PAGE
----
“Who am I?” That was a question our contemplative class was exploring last night. In reading Rabbi Rami Shapiro’s book, The Sacred Art of Lovingkindness, we were covering a chapter in which we were invited to question the usual story we tell ourselves about who we are. We were being challenged to embrace “not-knowing” as a way to become free of how old stories can limit us. The premise was that only free people can practice lovingkindness.
I asked us to remember times when we had experienced a new truth about ourselves, when we had shed old beliefs about who we were. That happened to me when I was thirty years old and serving as a hospital chaplain in Amarillo, Texas. I was comfortable believing the story hospital patients told me in those days, which went something like this: “You are such a caring person. Your prayer meant so much when I was facing surgery.” I liked that story: William is a good person who cares about people and helps them. Then I went to Calcutta, India, to meet Mother Teresa. That old story had to change.
Seeing and smelling the one million impoverished people living in the streets of Calcutta was completely overwhelming. In the cab from the airport to the missionary guest house, I knew I only wanted to go inside and hide. Mr. “caring” William had met his match.
I had already been in Bangladesh with my missionary cousins for ten days, and that had been hard enough. From the moment I got off the plane there, people with leprosy and missing limbs were holding out the remaining hand for donations. The ultra poor were everywhere. The extent of human need was extreme. And I felt like a fraud in the face of them all–no longer capable of seeing myself as the “nice, caring guy who helps people so much.”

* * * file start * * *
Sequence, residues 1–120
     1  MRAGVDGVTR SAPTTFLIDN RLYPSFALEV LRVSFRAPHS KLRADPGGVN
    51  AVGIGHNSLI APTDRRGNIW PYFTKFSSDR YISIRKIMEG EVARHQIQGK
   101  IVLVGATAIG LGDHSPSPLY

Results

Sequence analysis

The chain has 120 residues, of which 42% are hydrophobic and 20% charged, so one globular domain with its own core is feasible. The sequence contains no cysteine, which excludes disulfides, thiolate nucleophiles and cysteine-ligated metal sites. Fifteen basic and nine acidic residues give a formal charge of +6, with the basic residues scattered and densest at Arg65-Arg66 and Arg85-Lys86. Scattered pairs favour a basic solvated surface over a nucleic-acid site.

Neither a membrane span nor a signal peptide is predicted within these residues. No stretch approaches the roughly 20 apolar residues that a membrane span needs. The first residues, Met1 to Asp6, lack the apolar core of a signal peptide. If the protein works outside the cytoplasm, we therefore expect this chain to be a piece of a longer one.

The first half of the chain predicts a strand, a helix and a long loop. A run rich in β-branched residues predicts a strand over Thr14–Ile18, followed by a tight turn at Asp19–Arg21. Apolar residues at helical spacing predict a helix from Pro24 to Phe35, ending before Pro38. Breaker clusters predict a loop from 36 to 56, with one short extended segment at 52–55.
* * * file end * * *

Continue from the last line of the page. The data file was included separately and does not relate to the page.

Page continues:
The transformation of my identity took an unexpected turn when I encountered a dying young man in Mother Teresa’s Home for the Dying in Calcutta. Once I did make it out of hiding in the guest house, explored the city streets, and found the mother house for the Missionaries of Charity, they offered a ride with them to serve “the poorest of the poor.” I was told to serve the noon meal to the young man, who appeared to be just hours from death. That’s when the great reversal happened.
As I tried to help him drink a glass of water, I spilled the water down his chin. I apologized in English. From a place of utter weakness and incredible inner strength, he looked up at me and smiled. It was his way of blessing me. His smile simply said, “It’s okay.” The one giving the care became the one receiving great love. That moment shot through me like lightening. God soon used that moment to enlighten me in a way that has never disappeared. The “caring person” William became the one who receives love.
On the plane-ride home several days later, I was sick as a dog and fearing I wouldn’t make it back to my wife and son. By then I had lost ten pounds in three days, my stomach sent me to the bathroom every few minutes on the plane, and I was leaning against the plane window and crying.
Then the image of that young man smiling up at me returned. God used that picture of his face to say this inside my mind and heart: “It is enough. You have loved and been loved. That is enough.” That message set me free. Somehow I knew that even if I didn’t make it back to my family, love was enough. I had loved them and they had loved me. That was all that mattered.
The goal of human life became crystal clear in that moment: discovering that we are the beloved children of God. No longer was my identity tied up in trying to be a caring person. That trip proved that my persona could not hold up to the reality of desperate need. There I learned that I was the one in desperate need of being loved just as I am, not because of what I do or don’t do. And that discovery of being beloved was my salvation.
Two of our contemplative group members responded last night to the question: “Who am I?” Liz and Cida both affirmed their truth: “I am a beloved child of God.” They said that truth was their deep identity, beneath and beyond any roles that they played. And they both affirmed they had realized their deep identity through contemplative prayer: practicing the presence of God.
So I offer the same question to you. Ask yourself “Who am I?” Or better yet, ask God, “Who am I?” Then wait. Don’t try to answer for yourself. And don’t believe your roles are who you are. Join us in seeking to know our deep identity: “I am a beloved child of God.”